This article gives the impression all overweight problems are emotional and down to binge eating. This is not the case. Some people just just do not have the right regulatory pattern to naturally know the right amount to eat – One apple aday over the number of calories expended can cause a person to put on lbs over a period of time. This article, like others on the subject simplifies the matter too much.

  • For a long time, I was unable to control myself on any diet to any real extent. I think this has a lot to do with the negative, beat-yourself-up mindset that a diet creates.

    However, I eventually stumbled upon some books that took a new view to diets: eating well to stay healthy. For me, all of the additional, healthy years that can be had from healthy eating is well worth the effort, and eating is not a chore because of it.

    For more, look into the work of Roy L Walford.

  • My boyfriend is a personal trainer and I have been an athlete all my life; and since we’ve both been working out a lot, we’ve decided to increase our protein intake and monitor the carbs…What I’ve found is that when I cut back on eating the things I’m used to, it only makes me crave them more…It definitely helps to not starve yourself or prohibit yourself from eating the foods you generally enjoy. The key to eating healthier is (as you’ve already stated), eating in moderation as well as exercising and getting plenty of rest :)

  • Sid Savara mentioned increasing water intake, which is a good decision.

    Some other points would be:
    -Eat more often, but less total food. This is to help reduce binge eating later in the day after missing a meal.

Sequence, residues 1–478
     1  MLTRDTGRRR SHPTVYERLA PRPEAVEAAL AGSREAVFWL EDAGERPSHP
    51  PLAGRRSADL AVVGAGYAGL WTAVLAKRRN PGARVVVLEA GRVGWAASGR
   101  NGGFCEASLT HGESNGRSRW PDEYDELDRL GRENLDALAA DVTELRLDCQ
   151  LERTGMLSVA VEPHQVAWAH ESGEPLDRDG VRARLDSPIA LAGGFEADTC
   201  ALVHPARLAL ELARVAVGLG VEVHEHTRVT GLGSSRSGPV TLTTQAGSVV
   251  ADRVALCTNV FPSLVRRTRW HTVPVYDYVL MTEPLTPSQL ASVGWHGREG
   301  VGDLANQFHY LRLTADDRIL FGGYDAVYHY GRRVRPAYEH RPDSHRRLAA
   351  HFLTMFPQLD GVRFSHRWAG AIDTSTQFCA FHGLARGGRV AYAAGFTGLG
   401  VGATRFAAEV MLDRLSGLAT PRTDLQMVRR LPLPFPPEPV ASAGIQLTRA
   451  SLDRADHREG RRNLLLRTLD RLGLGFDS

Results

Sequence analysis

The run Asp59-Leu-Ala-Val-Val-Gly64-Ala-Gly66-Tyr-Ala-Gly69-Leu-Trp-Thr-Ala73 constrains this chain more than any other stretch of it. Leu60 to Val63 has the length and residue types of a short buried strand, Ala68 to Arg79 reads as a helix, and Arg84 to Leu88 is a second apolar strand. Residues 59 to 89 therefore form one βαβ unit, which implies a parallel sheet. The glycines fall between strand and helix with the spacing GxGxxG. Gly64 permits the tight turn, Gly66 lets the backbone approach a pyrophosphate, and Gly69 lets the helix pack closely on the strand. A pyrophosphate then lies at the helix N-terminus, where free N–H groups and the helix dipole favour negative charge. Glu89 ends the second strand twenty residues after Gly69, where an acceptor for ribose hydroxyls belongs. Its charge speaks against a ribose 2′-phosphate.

-Many fad diets suggest portion control. Chris Shugart knows the flaw to this system: “Telling someone to stop eating before they’re satisfied is like telling someone to stop having sex right before they climax.” Volumize your diet with vegetables. You can have as many, great-tasting vegetables as you want because they’re very low in calories. As an added bonus, they’re very nutritionally beneficial!
    -Watch your carbs. Don’t eat them unless you deserve them (post-exercise). Stay away from the refined stuff, please!
    -Just do it! It sounds hard, but once you start to alter your eating habits, the cravings go away in a couple weeks.

    Those are a few things to think about. I encourage others to try a fat loss diet out if they need to lose some weight!

  • Grammar Nazi

    week? guild? weak? guilty? :)

  • Overeating is the biggest key to keeping your weight under control. I know that when I’m under stress I use food to help calm my nerves, I have to make a conscious effort to not eat just to sooth my nerves

  • I thought this article was very helpful and it motivated me to get over my eating problem. I am going to try. Starting today.

  • your site seems helpful but one reason i don’t like surfing to unknown, or not well known binge sites is because they seem to not think about the binger “FIRST” . they think about the general public first. because they always have a huge picture of fast food on the page. does this not trigger people? if i am coming to a help site”7 Helpful Tips to Stop Binge Eating” i don’t want to be triggered or challenged with pictures of foods i want to binge on. how is this helpful? you might want to help, but it is defeating the purpose.

  • Every diet i have tried has failed and this was due largely because I am an emotional eater. I would always go for the fridge when i am bored and food is always on my mind. I tend to want sweets when I am stressed too.

    Currently I am trying a online program through http://www.totellwellness.com to help me stop the compulsive eating and binging so far I am liking it and it has open my eyes to how I eat foods and checking my emotional state.

    I really enjoy their online videos which go through the exercise programs, it feels as though you have a coach working with you the entire time.